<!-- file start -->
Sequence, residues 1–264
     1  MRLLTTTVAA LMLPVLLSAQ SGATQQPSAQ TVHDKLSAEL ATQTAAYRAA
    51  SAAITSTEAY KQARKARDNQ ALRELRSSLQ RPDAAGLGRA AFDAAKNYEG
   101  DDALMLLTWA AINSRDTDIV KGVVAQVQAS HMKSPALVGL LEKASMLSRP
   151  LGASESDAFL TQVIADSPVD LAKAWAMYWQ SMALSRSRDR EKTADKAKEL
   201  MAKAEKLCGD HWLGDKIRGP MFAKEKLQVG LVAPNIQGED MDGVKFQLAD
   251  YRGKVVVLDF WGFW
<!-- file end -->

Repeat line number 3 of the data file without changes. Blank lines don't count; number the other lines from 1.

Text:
    51  SAAITSTEAY KQARKARDNQ ALRELRSSLQ RPDAAGLGRA AFDAAKNYEG